Maker Month - Tom


 

As a Manual Machinist at Joe Gibbs Racing, Tom is responsible for working with the team’s mechanics and engineers to machine parts and components of the race car. Innovation is key to winning races and championships, and sometimes that competitive edge can come from even the smallest component, which makes Tom’s role as a machinist crucial to the team’s success.

 

How did you get into motorsports?

My passion for motorsports has been passed down from generation to generation in my family. Growing up, I spent a lot of my time with my father attending races. As time went on, I began to meet others in the industry who eventually helped me find my way into the sport.

 

Why would you recommend a career in skilled trades?

The greatest part about working in the trades is the opportunity to take on a skill that you’ll be able to take with you the rest of your life. A career in the trades gives you the opportunity to make the things that ultimately shape the world, and that is so rewarding. As with many things, the trades give you the opportunity to reap the benefits of hard work and dedication – the harder you work at mastering your trade, the more opportunities you can have.

“The greatest part about working in the trades is the opportunity to take on a skill that you’ll be able to take with you the rest of your life.”

What advice do you have for students or individuals who may be considering pursuing skilled trades?

Work hard and always take pride in what you do. Never give up on your dreams. Skilled trades are what helped me land my dream job and they can do the same for you, if you stick with it.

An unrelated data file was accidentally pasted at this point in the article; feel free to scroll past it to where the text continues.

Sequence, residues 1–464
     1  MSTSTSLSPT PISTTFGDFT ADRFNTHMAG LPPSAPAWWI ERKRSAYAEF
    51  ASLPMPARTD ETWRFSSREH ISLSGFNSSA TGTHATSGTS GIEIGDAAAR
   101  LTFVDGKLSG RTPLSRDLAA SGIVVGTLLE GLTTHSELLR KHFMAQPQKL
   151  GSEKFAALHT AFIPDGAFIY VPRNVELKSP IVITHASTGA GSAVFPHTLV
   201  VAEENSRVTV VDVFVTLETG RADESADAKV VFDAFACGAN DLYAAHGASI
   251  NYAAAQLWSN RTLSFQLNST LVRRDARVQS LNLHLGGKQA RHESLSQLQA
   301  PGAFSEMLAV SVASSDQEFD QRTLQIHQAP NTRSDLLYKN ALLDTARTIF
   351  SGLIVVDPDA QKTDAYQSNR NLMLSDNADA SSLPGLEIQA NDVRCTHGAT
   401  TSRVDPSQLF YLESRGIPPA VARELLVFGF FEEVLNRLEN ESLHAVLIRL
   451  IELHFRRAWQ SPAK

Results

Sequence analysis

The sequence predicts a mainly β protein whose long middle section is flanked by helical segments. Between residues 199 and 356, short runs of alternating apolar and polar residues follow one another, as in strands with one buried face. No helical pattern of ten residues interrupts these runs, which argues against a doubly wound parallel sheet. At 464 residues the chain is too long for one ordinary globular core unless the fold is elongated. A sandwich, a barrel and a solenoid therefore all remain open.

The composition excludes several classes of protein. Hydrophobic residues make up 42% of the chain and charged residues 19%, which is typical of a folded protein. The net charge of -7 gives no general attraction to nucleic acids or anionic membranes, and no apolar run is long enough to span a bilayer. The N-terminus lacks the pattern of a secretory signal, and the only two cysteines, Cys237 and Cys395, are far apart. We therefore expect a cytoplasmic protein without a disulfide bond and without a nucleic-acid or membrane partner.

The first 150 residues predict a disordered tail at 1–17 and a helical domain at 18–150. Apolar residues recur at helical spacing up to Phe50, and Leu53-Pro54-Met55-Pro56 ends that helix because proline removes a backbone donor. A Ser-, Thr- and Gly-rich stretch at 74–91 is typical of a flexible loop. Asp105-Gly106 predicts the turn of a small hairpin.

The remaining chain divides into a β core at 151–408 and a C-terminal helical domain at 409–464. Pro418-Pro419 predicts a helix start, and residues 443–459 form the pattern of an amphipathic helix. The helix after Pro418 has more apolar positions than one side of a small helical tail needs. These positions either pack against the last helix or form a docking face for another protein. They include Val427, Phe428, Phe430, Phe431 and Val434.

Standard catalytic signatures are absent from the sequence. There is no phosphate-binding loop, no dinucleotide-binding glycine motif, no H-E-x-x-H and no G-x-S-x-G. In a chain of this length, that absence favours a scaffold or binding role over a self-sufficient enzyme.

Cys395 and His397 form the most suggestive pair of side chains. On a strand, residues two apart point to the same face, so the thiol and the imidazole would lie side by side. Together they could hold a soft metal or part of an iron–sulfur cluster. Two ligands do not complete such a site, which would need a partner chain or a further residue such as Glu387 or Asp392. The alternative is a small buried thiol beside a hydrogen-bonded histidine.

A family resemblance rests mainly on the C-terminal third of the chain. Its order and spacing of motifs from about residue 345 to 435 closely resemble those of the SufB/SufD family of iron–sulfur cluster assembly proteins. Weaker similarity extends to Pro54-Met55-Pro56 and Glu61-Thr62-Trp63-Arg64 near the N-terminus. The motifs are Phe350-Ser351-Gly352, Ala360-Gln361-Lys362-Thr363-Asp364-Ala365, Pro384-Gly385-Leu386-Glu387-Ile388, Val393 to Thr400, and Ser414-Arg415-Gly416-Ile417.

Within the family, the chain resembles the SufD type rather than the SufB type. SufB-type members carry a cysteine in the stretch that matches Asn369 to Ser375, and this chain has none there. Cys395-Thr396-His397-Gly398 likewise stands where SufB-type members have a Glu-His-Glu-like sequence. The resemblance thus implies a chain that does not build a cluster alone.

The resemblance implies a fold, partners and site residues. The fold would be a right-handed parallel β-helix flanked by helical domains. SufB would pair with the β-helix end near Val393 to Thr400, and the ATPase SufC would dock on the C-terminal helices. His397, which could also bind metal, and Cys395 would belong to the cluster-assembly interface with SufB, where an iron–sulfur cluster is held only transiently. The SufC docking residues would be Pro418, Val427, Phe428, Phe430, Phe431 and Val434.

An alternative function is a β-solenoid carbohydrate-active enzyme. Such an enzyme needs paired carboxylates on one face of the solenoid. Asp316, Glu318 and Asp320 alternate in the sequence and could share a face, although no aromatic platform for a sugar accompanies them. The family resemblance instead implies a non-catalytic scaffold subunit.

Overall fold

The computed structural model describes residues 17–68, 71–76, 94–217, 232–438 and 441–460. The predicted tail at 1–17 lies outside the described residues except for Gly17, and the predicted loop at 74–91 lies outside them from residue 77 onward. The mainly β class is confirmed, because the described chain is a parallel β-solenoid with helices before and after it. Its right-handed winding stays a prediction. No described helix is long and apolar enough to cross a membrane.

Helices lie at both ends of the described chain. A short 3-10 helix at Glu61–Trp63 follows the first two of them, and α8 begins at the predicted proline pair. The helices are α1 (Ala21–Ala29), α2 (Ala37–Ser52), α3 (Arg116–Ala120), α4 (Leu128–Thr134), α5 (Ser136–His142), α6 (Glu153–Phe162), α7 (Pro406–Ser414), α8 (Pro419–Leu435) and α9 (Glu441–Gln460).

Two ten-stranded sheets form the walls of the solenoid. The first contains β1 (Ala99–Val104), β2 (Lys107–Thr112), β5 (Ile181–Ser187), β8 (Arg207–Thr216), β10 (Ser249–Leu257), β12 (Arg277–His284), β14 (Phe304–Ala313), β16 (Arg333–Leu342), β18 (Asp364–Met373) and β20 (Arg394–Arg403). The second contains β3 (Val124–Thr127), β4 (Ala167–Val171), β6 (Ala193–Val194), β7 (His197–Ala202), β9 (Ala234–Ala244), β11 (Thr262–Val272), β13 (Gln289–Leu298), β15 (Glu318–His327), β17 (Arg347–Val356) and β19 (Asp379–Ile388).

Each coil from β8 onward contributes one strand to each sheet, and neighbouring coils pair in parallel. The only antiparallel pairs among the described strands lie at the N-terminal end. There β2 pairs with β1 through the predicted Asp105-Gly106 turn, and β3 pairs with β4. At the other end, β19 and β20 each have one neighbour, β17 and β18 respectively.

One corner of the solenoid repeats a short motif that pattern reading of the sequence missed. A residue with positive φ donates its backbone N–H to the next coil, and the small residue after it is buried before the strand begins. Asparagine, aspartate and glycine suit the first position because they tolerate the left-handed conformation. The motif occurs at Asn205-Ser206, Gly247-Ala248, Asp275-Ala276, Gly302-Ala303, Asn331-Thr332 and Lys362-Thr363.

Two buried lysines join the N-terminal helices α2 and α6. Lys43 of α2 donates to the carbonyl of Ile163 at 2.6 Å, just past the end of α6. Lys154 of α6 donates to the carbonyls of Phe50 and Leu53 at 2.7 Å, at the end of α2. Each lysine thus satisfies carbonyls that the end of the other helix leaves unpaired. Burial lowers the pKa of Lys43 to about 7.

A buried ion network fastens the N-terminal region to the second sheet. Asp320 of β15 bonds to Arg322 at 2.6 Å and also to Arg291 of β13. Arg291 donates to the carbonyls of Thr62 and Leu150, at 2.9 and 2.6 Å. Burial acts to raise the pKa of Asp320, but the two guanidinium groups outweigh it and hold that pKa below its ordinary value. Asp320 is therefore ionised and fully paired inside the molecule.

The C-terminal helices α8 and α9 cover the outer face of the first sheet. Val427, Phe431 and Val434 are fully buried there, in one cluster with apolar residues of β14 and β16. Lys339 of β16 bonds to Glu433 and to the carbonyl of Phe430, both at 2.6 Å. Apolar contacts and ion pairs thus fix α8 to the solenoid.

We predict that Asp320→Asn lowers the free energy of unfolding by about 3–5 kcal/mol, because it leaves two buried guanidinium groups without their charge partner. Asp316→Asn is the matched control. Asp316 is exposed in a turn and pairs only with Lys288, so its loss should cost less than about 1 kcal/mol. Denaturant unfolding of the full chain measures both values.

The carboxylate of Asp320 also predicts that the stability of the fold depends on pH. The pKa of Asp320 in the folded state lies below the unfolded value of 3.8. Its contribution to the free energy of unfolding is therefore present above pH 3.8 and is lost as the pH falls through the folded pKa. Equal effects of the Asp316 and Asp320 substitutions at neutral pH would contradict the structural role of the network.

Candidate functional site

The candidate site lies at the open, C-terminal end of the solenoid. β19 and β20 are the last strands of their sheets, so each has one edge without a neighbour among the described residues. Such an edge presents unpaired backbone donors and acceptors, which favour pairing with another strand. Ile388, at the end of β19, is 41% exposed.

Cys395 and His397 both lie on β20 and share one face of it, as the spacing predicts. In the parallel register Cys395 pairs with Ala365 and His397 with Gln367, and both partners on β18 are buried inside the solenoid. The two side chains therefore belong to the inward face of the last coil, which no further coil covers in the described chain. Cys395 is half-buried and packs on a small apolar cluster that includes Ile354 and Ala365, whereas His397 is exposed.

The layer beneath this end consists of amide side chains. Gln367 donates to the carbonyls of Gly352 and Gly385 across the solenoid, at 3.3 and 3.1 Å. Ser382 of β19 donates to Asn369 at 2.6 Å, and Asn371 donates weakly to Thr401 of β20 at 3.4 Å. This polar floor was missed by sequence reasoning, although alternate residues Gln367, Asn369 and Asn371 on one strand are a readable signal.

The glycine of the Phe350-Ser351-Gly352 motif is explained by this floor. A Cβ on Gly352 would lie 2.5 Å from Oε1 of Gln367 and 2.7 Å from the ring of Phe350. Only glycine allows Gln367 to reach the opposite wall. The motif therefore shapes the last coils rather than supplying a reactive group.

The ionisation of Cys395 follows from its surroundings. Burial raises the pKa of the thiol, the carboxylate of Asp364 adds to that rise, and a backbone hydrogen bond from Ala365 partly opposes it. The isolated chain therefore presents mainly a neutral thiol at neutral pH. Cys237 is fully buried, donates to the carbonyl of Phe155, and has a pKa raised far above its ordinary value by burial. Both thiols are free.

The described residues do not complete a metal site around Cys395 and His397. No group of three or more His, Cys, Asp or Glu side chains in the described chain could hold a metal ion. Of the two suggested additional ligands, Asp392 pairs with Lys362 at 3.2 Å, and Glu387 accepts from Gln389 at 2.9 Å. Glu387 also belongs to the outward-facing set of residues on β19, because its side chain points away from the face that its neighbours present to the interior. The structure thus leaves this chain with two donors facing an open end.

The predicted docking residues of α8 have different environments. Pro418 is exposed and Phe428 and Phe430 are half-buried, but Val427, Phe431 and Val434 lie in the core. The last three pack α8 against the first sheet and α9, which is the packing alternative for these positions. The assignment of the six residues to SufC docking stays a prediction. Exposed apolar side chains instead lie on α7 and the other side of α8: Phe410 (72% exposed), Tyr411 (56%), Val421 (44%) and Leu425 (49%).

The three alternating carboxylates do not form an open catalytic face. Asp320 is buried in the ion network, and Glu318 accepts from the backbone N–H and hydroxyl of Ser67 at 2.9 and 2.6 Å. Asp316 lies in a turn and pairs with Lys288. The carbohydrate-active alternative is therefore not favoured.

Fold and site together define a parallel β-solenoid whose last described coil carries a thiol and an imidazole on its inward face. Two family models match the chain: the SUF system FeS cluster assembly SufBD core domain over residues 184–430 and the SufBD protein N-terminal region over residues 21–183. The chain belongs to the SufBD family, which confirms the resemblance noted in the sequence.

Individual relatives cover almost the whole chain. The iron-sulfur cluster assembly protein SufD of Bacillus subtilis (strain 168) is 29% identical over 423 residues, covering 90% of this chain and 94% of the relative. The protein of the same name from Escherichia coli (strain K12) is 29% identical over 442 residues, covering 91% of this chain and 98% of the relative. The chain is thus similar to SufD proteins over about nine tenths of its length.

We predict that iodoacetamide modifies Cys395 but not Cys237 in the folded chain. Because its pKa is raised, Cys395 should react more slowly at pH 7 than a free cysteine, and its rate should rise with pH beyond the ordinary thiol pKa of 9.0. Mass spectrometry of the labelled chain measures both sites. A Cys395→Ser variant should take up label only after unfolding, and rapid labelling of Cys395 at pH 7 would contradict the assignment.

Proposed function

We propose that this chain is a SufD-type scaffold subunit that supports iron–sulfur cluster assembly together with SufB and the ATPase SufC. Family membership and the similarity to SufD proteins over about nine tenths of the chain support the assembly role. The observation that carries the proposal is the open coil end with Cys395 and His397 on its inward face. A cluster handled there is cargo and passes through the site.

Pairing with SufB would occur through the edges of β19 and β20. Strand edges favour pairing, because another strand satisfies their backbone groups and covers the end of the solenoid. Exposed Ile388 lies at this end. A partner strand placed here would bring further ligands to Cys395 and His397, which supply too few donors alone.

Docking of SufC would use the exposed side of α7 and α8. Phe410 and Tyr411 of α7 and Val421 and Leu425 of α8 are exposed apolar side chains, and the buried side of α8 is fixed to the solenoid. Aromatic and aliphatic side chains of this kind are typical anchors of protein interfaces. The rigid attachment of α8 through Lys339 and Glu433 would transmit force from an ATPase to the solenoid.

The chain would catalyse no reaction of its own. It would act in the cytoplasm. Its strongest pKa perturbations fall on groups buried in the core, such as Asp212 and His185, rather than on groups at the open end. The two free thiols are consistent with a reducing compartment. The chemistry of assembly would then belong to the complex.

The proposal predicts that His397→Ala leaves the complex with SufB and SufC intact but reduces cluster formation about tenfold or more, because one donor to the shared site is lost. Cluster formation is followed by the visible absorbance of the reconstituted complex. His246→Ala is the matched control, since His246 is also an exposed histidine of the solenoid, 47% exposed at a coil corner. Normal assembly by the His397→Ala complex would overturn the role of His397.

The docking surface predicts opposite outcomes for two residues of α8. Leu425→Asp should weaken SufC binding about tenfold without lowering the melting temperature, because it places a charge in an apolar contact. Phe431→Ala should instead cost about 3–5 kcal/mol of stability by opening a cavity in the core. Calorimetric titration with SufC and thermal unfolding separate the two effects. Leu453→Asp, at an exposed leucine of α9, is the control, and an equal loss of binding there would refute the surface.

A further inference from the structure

What’s your biggest career accomplishment to date?

I’ve been fortunate enough to be a part of three different Championships at Joe Gibbs Racing. It's gratifying to see the parts that I make become a part of the race car and ultimately contribute to winning championships.

 

Can you tell me a little bit about your relationship with your son and how passion of motorsport has now been passed on to him?

Similar to my relationship with my dad, I've been able to build a love of motorsport with my son, Travis. By middle school, Travis started to come to the race shop with me and he quickly realized that he wanted to focus on engineering and car design. By high school, Travis was building race parts on his own and eventually got the opportunity to compete at Skills USA. Following his higher education, Travis actually landed a job at another NASCAR team. We thoroughly enjoy competing against one another on a professional level!

 

What’s one misperception that people have about your job?

A common misperception about the machining trade is that my job is to simply “press a button.” The truth, however, is that there is much skill needed to create something with the incredible amount of accuracy that is required. A machinist must be able to read and interpret engineering drawings, set up the precision equipment, use critical thinking skills to get the job done most efficiently in a fast-paced and sometimes stressful environment.